Major case in point: the words “I’m sorry.” When interviewed by reporters the evening before her sentencing, Arias—astoundingly—refused every opportunity to break down in tears and beg forgiveness of the Alexander family. One reporter, however, persisted longer than the others: “Why not just say you are sorry?” He seemed intent to wring precisely those words out of her. Rather mechanically and unconvincingly, Arias eventually relented and said them. But then—and this is the point that tells—she went on to explain her hesitation: “It seems like saying those words–‘I’m sorry’ [quote, unquote]–is so inadequate because it doesn’t encompass the scope of the remorse that I feel and what I wish that I could change if I had the chance to do it.”

This is, of course, absolutely true. It may, in fact, have been the truest thing said at the trial or in interviews. To imagine that such horror could be wiped away by those few perfunctory words, by now so Hallmark, so “Love Story” in their sentiment, is to be so dominated by meaningless convention—and the desire that it bend those who resist to their knees—that the true seriousness of the crime is demeaned. “Quote/unquote” Arias had attached to the words “I’m sorry”; she knew the words were pure gesture, and she resisted. It’s the requirement of a parent from a child who has disobeyed, a mantra of submission. And absolutely inadequate, as Arias rightly said. But the same snake that hissed at Arias to speak the greeting card words that would show she was “human” also chewed up the precision and intelligence of her reply into yet another show of her “coldness.”

This had in fact happened many times over the course of the trial, as Arias’s attempts to describe her relationship with Alexander and her shame over the things that they had done together in terms that had a precision of meaning—a truthfulness—for her were continually interpreted as evasions, rationalizations, and, most heinous crime of all for a female defendant, lack of emotion. Why wouldn’t she cry? Why didn’t she break down? How dare she comb her hair and put on lip-gloss before her television interviews!

Jean Harris prepares for court

Jean Harris prepares for court

It put me in mind of the terrible trouble that Jean Harris, who killed diet doctor Herman Tarnower, got into with the jury, press and public for dressing too well, appearing “haughty,” and refusing to exhibit an appropriate level of remorse, when it seemed clear that with her precise grammar and mink hat she was only trying to preserve what little pride she had left. There is abundant evidence that both Tarnower and Travis Alexander engaged in the kind of seductive, vacillating behavior that could drive a precariously poised woman over the edge. This doesn’t mean, of course, that either of them “deserved to die” (another blunt moral mantra that HLN is so fond of.) But it does help explain why both Jean and Jodi each seemed more intent on maintaining dignity, composure, and showing that were not deranged love slaves than on winning the pity of the jury. They were ashamed—Jodi, indeed, seemed more ashamed of the sex acts she and Travis performed than the hideous murder she committed—and couldn’t bear to humiliate themselves further.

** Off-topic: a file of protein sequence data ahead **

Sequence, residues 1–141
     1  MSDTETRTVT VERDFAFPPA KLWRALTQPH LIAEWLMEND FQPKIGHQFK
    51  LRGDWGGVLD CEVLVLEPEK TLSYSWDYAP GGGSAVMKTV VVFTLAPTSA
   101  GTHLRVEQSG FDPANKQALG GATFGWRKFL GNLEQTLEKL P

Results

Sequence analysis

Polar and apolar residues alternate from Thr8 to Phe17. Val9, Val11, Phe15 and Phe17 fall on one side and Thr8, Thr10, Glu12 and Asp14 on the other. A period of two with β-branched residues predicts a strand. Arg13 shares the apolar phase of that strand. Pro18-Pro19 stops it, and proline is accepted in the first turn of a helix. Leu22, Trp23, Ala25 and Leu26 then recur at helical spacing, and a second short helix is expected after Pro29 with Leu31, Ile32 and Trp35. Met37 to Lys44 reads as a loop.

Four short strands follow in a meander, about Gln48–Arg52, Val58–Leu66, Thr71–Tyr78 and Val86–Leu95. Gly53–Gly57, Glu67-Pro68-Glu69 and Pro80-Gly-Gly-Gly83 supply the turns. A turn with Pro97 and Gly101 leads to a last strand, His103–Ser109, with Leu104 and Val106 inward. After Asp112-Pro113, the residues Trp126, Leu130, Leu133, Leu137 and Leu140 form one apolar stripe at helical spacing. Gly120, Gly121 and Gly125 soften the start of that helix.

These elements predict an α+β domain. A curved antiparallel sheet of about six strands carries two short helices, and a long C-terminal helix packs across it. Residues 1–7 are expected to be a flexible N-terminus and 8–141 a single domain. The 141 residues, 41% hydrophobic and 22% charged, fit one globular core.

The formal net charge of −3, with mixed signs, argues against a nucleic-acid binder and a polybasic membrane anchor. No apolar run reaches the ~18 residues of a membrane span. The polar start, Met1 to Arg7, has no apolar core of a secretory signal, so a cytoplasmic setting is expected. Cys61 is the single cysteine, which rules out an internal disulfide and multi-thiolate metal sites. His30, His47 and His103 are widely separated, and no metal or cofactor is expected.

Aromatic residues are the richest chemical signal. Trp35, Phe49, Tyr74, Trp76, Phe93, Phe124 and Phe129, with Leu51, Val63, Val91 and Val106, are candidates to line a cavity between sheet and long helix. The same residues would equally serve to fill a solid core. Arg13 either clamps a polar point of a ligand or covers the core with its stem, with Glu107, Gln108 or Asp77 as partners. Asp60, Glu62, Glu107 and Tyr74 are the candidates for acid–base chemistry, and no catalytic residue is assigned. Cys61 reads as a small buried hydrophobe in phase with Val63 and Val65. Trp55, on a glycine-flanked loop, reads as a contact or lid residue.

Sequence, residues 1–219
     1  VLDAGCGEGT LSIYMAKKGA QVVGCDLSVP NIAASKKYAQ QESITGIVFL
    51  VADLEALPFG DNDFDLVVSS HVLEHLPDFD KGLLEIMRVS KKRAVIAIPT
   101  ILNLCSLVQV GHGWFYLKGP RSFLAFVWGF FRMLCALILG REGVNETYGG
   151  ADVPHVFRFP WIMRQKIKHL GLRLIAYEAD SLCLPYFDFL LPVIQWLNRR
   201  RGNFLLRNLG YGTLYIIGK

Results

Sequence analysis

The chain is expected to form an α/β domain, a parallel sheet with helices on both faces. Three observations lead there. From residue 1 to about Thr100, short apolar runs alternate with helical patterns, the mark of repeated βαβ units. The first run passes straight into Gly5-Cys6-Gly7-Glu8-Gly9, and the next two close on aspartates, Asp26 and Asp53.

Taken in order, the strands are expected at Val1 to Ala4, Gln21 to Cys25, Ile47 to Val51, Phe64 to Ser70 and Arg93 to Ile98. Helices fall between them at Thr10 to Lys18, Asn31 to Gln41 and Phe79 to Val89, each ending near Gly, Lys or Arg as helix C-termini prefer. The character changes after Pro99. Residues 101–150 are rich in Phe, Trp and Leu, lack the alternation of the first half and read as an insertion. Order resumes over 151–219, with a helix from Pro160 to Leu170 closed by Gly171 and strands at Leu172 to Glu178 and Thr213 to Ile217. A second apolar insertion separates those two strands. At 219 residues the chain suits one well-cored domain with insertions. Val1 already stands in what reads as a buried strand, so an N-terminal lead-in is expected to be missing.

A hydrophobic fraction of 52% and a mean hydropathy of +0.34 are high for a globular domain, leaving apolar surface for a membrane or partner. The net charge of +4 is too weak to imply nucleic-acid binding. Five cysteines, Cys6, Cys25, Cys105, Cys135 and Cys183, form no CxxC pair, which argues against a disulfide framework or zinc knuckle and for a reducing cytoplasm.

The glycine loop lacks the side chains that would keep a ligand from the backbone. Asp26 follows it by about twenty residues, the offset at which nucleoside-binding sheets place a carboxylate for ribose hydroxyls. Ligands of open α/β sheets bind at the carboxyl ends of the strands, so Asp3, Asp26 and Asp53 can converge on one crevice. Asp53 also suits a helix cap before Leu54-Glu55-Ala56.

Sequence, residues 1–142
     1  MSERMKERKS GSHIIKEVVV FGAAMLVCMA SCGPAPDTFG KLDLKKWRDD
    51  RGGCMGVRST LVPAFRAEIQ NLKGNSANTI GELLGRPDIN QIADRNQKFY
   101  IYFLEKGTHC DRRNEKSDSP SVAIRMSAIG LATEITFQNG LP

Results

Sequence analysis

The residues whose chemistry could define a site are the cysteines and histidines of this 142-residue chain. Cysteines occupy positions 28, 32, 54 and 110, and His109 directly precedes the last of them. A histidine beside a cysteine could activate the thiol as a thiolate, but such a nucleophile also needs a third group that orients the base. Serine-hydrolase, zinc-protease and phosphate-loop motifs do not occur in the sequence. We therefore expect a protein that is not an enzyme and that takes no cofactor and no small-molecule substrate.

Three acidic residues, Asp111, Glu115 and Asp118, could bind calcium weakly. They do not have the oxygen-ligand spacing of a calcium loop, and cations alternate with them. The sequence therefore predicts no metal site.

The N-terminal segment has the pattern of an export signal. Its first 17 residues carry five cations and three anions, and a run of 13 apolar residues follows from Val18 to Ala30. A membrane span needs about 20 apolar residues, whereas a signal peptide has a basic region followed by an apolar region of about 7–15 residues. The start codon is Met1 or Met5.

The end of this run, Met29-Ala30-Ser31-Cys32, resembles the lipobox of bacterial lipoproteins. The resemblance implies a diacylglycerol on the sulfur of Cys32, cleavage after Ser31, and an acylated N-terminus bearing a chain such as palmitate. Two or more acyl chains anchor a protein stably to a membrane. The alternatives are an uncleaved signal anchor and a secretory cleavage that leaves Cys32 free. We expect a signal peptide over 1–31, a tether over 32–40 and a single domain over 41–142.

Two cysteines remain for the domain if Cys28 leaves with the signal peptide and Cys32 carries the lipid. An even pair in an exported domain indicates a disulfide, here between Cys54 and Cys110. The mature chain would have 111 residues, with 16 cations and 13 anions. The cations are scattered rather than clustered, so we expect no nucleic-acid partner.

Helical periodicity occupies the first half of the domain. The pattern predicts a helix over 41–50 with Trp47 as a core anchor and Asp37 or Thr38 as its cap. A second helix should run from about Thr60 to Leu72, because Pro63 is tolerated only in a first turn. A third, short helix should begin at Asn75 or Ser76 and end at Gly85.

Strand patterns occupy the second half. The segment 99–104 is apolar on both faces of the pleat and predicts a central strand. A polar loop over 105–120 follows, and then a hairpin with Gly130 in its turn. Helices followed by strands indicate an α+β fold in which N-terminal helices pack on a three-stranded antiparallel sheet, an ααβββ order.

Jean and Jodi also put me in mind of another woman on trial—this one almost surely innocent of the crimes with which she was charged—whose “haughty” behavior left her disastrously vulnerable to the condemnation of public opinion. Anne Boleyn, both before and after she fell out of favor with Henry VIII, had a great deal going against her. She had supplanted a beloved queen. She was suspiciously “French.” And she had an irritating habit of speaking her mind rather than obeying convention. She “could not pretend to be a fool or a nonentity,” historian David Loades put it well, “and the self-effacement customary in a royal consort did not suit her style at all…” At her own trial (for incest and treason), she seemed to recognize that this failure to submit played a large role in her downfall. Insisting that she was clear of all charges laid against her, she acknowledged that she was guilty of one thing: failing to tender the king “that humility which his goodness to me, and the honors to which he raised me, merited.” By then, of course, the damage was fatally done.

Dorothy Tutin as Anne Boleyn on trial

Dorothy Tutin as Anne Boleyn on trial

It would have been unthinkable for a sixteenth-century queen, especially one as proud as Anne, to plead for her life from a jury so below her station. But this is 2013, and here is my advice to any woman brought to trial, whether she is innocent or guilty of the crimes with which she is charged: Cry. Beg. Do not try to explain yourself with precision. Do not try to maintain composure. Do not appear too intelligent. Never demonstrate any pride in any aspect of your being. Break down. Intone—and, although it is virtually an impossible task to turn a cliché into a believable emotion, make sure to utter with conviction the conventional mantras that show you have been properly humbled. “I’m sorry, I’m sorry, I’m sorry.”

Susan Bordo most recent book, The Creation of Anne Boleyn: A New Look at England’s Most Notorious Queen, was published in April by Houghton Mifflin Harcourt